The Book of Four Things

corby's picture

A practical guide to
SCA field tactics for fighters and commanders.

With apologies to Miamoto Musashi

In the long history of armed conflict, hundreds of generals and millions of troops have designed and executed amazing, complicated, clever plans to overcome their foes. With a powerful understanding of location, troop capabilities, weather, morale and many other variables, commanders have created plans that changed history. I am particularly amazed by Hannibal's victory at Cannae, where his outnumbered troops spent most of an afternoon slowly giving ground at the center, fighting a retreat that ultimately resulted in the Roman army being completely surrounded and destroyed. Perhaps the single most astonishing use of the classic "double envelopment" attack in all of history.

Within the context
of open field melee fighting in the SCA, such complex plans are most commonly referred to as a "Bad Idea."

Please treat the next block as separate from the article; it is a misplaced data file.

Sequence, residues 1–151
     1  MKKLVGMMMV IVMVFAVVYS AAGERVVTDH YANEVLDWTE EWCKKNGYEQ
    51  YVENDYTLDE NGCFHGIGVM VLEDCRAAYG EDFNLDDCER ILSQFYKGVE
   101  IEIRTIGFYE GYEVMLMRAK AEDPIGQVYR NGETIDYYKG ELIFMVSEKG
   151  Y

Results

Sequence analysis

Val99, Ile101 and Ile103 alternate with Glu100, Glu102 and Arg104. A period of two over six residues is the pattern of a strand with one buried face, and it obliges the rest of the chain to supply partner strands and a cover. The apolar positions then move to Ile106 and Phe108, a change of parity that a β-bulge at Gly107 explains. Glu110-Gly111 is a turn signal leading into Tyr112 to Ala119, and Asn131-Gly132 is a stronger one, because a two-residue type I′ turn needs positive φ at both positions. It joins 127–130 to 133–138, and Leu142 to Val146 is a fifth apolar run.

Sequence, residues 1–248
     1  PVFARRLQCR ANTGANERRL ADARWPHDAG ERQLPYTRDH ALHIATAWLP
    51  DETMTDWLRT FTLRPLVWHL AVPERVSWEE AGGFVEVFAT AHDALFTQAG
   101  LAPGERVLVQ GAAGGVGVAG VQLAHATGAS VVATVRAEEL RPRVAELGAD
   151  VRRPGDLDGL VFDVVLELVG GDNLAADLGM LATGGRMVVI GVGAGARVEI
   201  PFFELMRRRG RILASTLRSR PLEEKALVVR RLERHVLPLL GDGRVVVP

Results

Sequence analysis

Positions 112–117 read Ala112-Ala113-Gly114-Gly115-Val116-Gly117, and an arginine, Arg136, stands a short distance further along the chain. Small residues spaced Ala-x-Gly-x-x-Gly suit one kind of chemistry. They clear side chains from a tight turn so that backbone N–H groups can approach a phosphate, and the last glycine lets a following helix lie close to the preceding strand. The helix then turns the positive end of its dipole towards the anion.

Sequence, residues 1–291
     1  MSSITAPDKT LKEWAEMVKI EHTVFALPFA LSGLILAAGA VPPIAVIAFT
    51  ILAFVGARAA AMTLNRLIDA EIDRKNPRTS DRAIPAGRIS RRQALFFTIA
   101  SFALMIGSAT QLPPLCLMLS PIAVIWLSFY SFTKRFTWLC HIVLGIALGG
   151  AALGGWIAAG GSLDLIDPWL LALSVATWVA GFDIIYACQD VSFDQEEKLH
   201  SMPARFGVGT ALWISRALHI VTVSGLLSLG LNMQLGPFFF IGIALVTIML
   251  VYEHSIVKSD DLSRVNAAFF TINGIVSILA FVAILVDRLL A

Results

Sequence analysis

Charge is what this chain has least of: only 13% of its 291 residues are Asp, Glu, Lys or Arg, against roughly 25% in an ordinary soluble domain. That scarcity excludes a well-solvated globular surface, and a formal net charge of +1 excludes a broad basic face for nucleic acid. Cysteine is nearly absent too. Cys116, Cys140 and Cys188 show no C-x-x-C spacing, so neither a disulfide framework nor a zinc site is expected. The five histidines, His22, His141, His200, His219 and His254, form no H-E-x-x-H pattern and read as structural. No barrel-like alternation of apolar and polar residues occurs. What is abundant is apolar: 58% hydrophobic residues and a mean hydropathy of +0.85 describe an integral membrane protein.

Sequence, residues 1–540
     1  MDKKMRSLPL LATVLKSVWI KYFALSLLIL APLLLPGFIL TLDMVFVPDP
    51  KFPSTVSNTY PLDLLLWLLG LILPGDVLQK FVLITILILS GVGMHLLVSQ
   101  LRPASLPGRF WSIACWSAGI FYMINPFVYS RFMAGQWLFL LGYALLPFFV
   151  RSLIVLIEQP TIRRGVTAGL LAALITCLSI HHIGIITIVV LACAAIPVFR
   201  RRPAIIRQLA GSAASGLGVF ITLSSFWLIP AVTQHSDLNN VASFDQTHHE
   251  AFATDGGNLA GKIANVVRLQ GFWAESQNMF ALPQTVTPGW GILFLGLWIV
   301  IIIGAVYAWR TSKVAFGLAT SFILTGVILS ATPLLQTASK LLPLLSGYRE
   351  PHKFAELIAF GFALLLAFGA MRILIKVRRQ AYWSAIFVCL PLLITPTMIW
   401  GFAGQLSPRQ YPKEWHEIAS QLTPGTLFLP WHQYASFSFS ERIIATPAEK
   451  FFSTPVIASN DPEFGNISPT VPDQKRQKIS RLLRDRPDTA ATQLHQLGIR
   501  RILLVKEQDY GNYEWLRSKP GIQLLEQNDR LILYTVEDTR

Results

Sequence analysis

Real world tactics and strategy take into account several things that mean almost nothing in an SCA context:

Starting morale--awareness that not all troops are as eager for the fight as others.

Survivor morale--how likely a unit is to break when it has begun taking casualties.

Intimidation--real world troops are often hesitant to attack because they are rightly afraid for their lives.

Now, I'll admit that this last difference does play a part in SCA combat, but not to the same degree as in the real world. I've seen many examples of hesitant melee units who were clearly afraid of losing their "lives" as they faced some other unit, or even an individual. However, the knowledge that real death or injury is very unlikely in SCA combat makes the most hesitant SCA fighter less nervous than a real world medieval or ancient infantryman.

With these major morale issues out of the way, and keeping in mind that even the largest SCA melees happen much faster than ancient or medieval battles did, I believe it is safe to say the following.

In open field SCA battles, there are just four things that make sense for troops to do.

I'll discuss these in order, from the easiest to the hardest.

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corby's picture

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